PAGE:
contributor.author: Norman Roth

title.none: Dodds, Menocal, and Balbale, The Arts of Intimacy (Norman Roth)

identifier.other: baj9928.0906.005 09.06.05

identifier.issn: 1096-746X

description.statementofresponsibility: Norman Roth, University of Wisconsin, Madison, ndroth@wisc.edu

publisher.none: .

date.issued: 2009

identifier.citation: Dodds, Jerrilynn D., Maria Rosa Menocal, and Abigail Krasner Balbale. The Arts of Intimacy: Christians, Jews, and Muslims in the Making of Castilian Culture. New Haven: Yale University Press, 2008. Pp. 395. $40.00. ISBN: 9780300106091.

type.none: Review

relation.ispartof: The Medieval Review

The Medieval Review 09.06.05

Dodds, Jerrilynn D., Maria Rosa Menocal, and Abigail Krasner Balbale. The Arts of Intimacy: Christians, Jews, and Muslims in the Making of Castilian Culture. New Haven: Yale University Press, 2008. Pp. 395. $40.00. ISBN: 9780300106091.

Reviewed by:

Norman Roth
University of Wisconsin, Madison
ndroth@wisc.edu

This is an interesting example of a kind of "multidisciplinary" approach to cultural history; in this case, art and architecture to help tell the story of the formation of medieval Castile (in part at least; actually, the focus of the book is almost entirely on Toledo). It hardly need be said that the authors are eminently qualified for the task. The book is lavishly illustrated with full color photographs (an enormous expense and unexpected luxury in today's publishing world, particularly for an academic press). Commendably, the book also includes from time to time texts and coherent translations of representative Arabic, Castilian and some Hebrew documents.

Although written by scholars, this is not a "scholarly" book intended for research but rather for the general reading public. As such, it is well-written and relatively free of pedantic style or technical jargon. On the other hand, this has apparently resulted in a decision to limit endnotes to a bare minimum, and even the general reader would certainly benefit by additional documentation for some statements.

Since the book is limited to early medieval Castile, it is unfortunate, as noted, that the focus is almost entirely on Toledo. The mosque, now cathedral, of Seville receives good treatment, but there is scarcely any mention of other parts of Castile and no reference to the Muslims or Jews even of Seville or Cordoba. An exception is the requisite mention of the legend of the "Cid," the oft-glorified hero of the early reconquest of territories from the Muslims, particularly the kingdom of Valencia (where in fact his record was far from noble). However, the account deals entirely with the famous poem, some of which is translated, with no relation to actual history.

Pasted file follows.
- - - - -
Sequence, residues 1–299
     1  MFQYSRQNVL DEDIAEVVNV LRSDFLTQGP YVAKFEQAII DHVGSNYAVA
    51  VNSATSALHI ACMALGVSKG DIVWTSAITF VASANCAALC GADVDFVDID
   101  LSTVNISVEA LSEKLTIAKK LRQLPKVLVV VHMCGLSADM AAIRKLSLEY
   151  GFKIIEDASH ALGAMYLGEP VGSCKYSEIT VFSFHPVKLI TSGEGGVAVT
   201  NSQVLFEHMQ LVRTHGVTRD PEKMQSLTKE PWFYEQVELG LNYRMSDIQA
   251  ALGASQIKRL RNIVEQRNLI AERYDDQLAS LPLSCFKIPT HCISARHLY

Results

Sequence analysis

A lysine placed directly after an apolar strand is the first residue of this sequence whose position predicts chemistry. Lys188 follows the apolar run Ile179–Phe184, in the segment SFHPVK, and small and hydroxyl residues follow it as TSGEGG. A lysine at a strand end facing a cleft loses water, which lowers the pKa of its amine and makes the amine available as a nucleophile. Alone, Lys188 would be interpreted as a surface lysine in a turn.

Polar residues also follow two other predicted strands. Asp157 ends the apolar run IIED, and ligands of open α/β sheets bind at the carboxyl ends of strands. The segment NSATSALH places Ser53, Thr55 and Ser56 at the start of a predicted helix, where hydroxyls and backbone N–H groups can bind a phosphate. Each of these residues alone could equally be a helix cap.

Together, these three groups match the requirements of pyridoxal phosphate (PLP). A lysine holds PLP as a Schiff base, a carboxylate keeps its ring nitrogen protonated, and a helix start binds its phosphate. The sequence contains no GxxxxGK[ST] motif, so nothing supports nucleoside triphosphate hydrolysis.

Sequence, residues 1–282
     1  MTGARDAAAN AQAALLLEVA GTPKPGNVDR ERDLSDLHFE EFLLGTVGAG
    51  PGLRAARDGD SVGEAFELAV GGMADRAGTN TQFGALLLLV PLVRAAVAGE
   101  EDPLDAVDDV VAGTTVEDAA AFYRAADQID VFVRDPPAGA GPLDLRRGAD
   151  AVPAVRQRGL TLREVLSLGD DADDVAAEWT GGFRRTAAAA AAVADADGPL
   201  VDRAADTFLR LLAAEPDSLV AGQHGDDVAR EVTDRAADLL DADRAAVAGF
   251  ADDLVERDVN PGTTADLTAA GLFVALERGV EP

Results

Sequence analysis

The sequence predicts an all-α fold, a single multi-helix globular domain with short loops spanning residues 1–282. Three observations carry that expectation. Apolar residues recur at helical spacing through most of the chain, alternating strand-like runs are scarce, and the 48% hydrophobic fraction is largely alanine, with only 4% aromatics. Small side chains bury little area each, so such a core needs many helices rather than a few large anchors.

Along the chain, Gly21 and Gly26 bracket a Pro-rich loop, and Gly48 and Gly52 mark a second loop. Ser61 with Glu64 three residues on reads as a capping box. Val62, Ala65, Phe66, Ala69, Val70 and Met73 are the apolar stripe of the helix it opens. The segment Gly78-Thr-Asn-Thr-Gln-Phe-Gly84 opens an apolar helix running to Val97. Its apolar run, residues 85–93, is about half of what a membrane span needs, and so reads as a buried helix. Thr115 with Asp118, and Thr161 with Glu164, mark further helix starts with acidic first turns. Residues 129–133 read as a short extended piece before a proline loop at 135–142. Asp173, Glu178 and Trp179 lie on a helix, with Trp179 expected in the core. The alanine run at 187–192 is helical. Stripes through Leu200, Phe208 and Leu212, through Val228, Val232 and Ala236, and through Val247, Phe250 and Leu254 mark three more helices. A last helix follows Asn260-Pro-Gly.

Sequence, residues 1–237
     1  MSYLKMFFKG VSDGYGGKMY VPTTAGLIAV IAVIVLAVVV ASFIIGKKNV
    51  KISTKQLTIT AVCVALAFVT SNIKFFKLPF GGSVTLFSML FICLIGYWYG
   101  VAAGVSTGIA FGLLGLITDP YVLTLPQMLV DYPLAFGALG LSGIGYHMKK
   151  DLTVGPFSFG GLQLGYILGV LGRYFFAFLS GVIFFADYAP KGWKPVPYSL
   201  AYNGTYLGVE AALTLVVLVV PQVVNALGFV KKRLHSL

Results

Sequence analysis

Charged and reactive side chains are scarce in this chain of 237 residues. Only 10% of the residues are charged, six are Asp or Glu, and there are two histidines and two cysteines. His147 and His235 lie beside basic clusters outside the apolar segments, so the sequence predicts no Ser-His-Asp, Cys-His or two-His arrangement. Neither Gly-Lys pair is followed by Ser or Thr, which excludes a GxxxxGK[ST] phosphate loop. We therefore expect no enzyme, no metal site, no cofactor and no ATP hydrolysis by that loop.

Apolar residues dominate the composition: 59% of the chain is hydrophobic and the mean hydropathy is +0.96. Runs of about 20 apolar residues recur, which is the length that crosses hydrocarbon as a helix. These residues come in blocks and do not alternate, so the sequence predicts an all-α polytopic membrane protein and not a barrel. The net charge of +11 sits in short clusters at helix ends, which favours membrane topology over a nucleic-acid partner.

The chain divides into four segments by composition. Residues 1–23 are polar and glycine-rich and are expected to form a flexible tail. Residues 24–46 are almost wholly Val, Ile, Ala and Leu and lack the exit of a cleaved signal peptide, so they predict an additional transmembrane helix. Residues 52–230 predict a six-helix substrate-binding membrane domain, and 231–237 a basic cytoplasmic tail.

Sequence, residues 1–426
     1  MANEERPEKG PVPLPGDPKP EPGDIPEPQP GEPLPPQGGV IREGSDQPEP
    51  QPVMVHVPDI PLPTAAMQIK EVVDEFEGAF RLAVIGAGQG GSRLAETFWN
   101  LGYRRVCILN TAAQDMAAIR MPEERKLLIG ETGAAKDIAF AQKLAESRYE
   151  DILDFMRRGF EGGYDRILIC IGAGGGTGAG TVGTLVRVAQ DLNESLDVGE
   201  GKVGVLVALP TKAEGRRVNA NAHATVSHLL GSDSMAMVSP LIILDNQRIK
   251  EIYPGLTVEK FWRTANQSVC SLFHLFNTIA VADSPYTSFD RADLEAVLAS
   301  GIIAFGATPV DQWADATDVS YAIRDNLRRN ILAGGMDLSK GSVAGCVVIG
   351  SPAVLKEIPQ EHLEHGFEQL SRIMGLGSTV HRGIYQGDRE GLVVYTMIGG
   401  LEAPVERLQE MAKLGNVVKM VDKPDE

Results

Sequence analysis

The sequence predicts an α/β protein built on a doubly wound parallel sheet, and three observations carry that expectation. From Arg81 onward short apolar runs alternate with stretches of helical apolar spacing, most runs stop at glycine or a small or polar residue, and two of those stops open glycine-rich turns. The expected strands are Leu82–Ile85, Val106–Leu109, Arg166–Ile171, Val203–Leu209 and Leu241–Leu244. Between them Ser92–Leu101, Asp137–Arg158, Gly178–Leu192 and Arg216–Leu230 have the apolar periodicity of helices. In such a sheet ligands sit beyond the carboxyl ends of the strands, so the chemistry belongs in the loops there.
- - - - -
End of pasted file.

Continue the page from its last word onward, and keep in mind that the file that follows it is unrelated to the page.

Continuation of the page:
Although promising to be a treatment of Christians, Jews and Muslims, the Jews in fact receive the least attention and most unsatisfactory discussion. Thus, the statement that "many Jews and Muslims left Toledo in the wake of the [first] conquest of 1085" (53) is unsubstantiated and, particularly for Jews, incorrect. This is all we hear of Jews for several chapters, when (145) a passing reference is made to Hebrew poetry, and translations of two of Judah ha-Levy's poems are reproduced (148-50). Of the immensely important Hebrew muwashshahat poetry, with final verse in Arabic or Romance, there is not a word, nor any mention of other great poets even from Toledo (such as Judah al-Harizi or Todros Abulafia).

Since the central theme of the book is interrelation between the three cultures, it is astonishing that there is absolutely no mention of Jewish scientists and translators at the court of Alfonso X (the entire corpus of his astronomical work, not only translation from Arabic but original treatises, was the work of Jews). An important article which I have written on this was completely ignored. With regard to scientific accomplishments, only the famous Abraham Ibn Ezra receives brief mention (209); however, he was not born in Toledo, of course, but in Tudela in Navarre and virtually all of his writing was done outside of Spain. On the other hand, famous Jewish scientists who did live and write in Castile are ignored entirely (for that matter, so are Muslim scientists). Nor is there any mention of the Jewish physicians and counselors who attended Juan Manuel, the famous nephew of Alfonso X and author of numerous works. His novel, El Conde de Lucanor, contains material borrowed from Jewish sources, and the relationship between Arabic, Hebrew and Spanish literature (again, detailed in articles I have written) is also overlooked in this book.

The "making of Castilian culture" surely should consider the importance of these Jewish contributions, in the case of the scientific corpus at Alfonso's court, the earliest writings in Castilian. The important role of Jews as diplomats as well as translators serving the various monarchs in their dealings with the Muslims is also scarcely mentioned.

The section "Sources and Readings" at the end of the book is very selective and outdated. One reads with amusement that Gonzalez Palencia's Mozarabes de Toledo is "of interests to a general reader;" that multi-volume work is an important collection of Arabic, Castilian and Hebrew sources to be consulted only by trained specialists.

However, we are grateful for what this book is more than distressed by what it is not. It is a creative effort to integrate the cultural history, at least of Toledo (with some reference to other parts of Castile), with Muslim and Muslim-influenced architecture and artifacts. From this perspective, it is certainly successful and should be a stimulus for future research. Yale University Press is to be commended for publishing such a lavishly illustrated work at an astonishingly affordable price.